I have three Dylan albums that I consider favorites: Highway 61 (1965); "Queen Jane Approximately" is my favorite song "Won't you come see me Queen Jane?". I especially like Dylan's piano playing on this one; New Morning (1970) has a number of great songs and Bob is backed up by some quality musicians including David Bromberg, Harvey Brooks (bass), Charlie Daniels (bass), Al Kooper (keyboards), and Russ Kunkel (drums). I really like his use of wrong grammar on "Day of Locusts": "And the locusts sang, and they were sang-ing for me" and the title track is a really upbeat song for a sunny morning in the spring. I also like Street Legal (1978), an album that got panned by the critics. It was released in 1978, after Blood on the Tracks and Desire which did extremely well. My favorite song is the lead-off single "Changing of the Guard". There is a cool Patti Smith cover of that song.

 

Sean Fogarty, Thursday Night Block Party Host: One of the fascinating aspects about Bob Dylan is he constantly did what he wanted. Dylan always seemed to thrive on challenging the notions of who he is or who his audience thinks he should be. His moves seem at once calculated and at other times, confounding. Weather plugging in, finding Jesus or releasing a pair of LP’s of pop standards, Dylan thrived on being confrontational.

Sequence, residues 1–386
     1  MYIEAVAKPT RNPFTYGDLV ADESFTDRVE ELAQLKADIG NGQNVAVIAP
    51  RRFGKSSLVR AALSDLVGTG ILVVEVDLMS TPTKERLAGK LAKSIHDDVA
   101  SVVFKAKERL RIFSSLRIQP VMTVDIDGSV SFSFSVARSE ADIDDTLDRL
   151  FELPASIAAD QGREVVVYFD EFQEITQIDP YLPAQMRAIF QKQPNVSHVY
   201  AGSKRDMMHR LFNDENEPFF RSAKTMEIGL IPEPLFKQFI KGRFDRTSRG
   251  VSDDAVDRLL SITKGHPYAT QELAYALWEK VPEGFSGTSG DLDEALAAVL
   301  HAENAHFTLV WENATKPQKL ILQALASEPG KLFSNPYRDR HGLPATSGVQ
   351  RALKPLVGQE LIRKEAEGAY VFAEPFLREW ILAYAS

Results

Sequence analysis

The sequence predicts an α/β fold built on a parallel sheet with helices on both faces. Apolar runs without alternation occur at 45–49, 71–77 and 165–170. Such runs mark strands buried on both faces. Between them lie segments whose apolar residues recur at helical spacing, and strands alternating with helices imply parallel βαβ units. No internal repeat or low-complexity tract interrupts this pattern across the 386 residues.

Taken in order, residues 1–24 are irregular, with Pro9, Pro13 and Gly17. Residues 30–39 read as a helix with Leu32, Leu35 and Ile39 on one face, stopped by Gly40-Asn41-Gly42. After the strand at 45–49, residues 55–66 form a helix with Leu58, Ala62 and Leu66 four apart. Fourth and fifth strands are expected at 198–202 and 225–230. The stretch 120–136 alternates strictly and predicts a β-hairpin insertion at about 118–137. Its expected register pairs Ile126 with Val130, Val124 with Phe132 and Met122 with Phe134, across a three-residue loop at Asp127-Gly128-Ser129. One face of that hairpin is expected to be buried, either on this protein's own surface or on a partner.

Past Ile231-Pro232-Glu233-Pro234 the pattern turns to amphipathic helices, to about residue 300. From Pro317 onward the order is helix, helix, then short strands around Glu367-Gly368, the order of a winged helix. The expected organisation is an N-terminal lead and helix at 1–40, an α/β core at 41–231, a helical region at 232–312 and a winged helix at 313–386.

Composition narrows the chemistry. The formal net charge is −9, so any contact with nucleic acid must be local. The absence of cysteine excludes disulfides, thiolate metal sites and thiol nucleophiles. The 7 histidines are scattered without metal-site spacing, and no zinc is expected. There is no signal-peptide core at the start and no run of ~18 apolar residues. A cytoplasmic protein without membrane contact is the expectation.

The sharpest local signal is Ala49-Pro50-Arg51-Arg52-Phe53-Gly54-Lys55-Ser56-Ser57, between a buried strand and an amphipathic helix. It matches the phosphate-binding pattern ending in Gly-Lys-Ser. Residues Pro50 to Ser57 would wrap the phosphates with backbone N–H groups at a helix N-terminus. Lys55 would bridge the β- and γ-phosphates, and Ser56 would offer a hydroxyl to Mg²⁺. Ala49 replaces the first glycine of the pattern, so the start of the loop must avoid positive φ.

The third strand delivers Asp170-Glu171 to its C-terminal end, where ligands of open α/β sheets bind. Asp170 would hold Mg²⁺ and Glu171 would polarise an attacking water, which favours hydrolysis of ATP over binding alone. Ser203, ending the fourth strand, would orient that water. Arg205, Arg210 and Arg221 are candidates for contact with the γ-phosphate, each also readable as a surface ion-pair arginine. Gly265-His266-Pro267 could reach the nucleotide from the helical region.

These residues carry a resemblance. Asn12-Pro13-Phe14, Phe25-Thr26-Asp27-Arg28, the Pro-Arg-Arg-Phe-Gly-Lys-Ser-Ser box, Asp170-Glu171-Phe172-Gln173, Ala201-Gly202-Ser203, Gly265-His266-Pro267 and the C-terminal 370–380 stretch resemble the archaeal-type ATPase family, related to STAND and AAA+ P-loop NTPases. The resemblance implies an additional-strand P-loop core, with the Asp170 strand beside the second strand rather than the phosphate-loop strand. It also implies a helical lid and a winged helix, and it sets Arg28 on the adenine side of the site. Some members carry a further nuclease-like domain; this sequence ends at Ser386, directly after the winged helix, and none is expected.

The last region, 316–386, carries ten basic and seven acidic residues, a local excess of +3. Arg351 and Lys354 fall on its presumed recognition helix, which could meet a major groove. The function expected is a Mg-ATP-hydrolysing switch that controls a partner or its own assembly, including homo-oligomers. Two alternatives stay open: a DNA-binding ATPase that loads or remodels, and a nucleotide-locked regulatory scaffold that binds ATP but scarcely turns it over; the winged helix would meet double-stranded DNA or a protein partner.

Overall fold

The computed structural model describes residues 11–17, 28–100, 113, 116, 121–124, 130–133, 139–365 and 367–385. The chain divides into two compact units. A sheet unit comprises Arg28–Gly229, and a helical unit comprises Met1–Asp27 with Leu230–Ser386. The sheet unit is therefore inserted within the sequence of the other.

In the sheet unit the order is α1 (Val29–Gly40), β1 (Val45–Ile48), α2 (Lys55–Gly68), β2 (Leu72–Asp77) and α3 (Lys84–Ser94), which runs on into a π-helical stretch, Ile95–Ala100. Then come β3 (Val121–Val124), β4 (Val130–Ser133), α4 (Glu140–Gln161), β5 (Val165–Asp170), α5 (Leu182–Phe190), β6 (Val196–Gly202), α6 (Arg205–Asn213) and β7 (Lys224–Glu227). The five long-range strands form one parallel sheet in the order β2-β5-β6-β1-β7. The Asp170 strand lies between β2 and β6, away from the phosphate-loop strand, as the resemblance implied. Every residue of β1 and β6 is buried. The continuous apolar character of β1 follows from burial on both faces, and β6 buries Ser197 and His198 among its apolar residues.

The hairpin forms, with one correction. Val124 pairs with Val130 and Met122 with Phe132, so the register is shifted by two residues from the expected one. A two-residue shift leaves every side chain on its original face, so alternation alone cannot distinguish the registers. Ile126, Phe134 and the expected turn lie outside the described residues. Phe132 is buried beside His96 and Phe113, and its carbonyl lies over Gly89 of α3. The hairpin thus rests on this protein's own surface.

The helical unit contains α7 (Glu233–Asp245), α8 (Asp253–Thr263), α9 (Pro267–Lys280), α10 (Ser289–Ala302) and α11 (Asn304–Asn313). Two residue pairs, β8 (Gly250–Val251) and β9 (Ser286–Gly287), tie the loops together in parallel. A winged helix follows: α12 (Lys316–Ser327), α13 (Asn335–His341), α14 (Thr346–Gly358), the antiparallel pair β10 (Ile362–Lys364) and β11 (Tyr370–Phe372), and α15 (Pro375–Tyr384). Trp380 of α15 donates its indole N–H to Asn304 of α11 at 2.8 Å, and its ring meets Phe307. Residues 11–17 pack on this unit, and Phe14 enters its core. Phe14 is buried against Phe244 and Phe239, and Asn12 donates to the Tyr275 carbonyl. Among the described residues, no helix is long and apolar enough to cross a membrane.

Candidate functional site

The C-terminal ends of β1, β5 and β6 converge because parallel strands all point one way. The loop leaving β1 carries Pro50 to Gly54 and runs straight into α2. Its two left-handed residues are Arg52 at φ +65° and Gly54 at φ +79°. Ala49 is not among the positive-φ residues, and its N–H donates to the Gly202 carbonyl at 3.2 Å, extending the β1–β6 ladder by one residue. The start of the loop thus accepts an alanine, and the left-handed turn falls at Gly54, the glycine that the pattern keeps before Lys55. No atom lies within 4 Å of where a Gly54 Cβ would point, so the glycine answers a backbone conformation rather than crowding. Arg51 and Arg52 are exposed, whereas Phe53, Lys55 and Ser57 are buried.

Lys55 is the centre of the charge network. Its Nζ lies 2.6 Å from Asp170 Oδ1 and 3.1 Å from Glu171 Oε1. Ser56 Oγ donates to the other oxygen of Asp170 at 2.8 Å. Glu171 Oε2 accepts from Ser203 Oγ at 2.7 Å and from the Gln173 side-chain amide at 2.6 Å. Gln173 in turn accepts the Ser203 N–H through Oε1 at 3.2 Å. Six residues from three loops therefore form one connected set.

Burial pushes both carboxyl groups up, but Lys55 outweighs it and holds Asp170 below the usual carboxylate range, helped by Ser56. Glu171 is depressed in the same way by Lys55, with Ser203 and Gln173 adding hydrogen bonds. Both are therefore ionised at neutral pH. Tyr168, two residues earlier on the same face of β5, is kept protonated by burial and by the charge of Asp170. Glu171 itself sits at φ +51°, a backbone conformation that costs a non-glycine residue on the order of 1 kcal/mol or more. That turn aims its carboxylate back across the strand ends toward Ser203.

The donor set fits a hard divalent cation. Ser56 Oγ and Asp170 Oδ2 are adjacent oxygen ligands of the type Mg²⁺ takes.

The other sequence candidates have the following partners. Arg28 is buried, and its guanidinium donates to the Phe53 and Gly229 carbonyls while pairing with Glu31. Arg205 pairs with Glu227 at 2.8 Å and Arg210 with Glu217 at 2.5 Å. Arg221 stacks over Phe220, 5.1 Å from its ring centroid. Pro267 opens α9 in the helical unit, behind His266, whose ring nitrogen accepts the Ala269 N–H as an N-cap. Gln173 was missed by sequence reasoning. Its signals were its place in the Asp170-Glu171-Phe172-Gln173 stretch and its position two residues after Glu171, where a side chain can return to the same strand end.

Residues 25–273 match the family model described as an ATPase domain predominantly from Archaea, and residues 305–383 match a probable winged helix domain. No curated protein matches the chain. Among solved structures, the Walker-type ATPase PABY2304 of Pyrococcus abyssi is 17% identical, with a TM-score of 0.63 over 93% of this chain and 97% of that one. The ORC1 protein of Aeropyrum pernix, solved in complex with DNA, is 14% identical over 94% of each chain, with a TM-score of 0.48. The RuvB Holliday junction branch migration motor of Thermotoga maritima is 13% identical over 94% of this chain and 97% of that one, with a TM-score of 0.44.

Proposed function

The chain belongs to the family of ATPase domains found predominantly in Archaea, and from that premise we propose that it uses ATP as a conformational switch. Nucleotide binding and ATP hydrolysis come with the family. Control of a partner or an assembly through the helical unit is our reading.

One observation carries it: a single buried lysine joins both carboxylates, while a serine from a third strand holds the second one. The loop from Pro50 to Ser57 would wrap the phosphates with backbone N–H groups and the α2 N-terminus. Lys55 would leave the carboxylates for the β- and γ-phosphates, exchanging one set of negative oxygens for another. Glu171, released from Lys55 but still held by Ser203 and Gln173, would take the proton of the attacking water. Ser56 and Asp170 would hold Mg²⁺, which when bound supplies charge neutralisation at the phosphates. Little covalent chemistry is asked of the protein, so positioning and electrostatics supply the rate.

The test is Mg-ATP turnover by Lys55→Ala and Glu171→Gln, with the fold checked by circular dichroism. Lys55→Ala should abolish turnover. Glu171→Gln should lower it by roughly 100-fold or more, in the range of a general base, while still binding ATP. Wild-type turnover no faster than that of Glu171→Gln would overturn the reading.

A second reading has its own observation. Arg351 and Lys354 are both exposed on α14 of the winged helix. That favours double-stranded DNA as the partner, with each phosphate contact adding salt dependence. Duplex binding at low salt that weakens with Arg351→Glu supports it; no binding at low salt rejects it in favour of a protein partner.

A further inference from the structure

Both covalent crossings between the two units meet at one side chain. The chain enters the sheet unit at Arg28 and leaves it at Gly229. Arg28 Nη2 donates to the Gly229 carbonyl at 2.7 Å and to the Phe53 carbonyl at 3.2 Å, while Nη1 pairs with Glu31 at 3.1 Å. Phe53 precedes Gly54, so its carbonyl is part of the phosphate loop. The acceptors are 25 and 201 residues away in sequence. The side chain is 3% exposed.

I remember seeing Dylan and his band play Pittsburgh at the A. J. Palumbo Center in November of 2002. It was little more than a year since he released Love and Theft and the setlists were peppered with selections from that LP. Dylan was also playing covers on this tour. Two selections in particular were on the setlist that night, as they were just about every night of that leg of the tour. Warren Zevon’s “Mutineer” and The Rolling Stones’ “Brown Sugar”. After the show I remember asking a friend: with volumes of his own songs in his canon to play, why Dylan would start covering those songs?

 

Performing the Warren Zevon number made sense. It was 10 days earlier that Zevon made his last public performance on The Late Show with David Letterman before he began to succumb to cancer. Playing the Rolling Stones number was baffling to me. Why would Dylan play a by-the-numbers cover of one of the Rolling Stones most popular songs about an inappropriate sexual relationship between a master and slave? Because he’s Bob Dylan, and he doesn’t care what anyone thinks.

 

Brian Siewiorek: ...and that goes in line with his wicked sense of humor. I think that really confuses people.

 

Rob O'Friel, Rollin' and Tumblin' Host: I remember an interview with a rap star on an MTV special about Dylan. I can't recall the artist's name but I remember first just being surprised that this rap star had been influenced by Bob. And then the artist said something to the effect of, "in all of Dylan's hundreds of songs, there was never a 'throw away' line or word. Every line had a part to the story." Hearing that perspective from a rap star who really thrives on making it up as the song goes really brought Dylan full circle for me.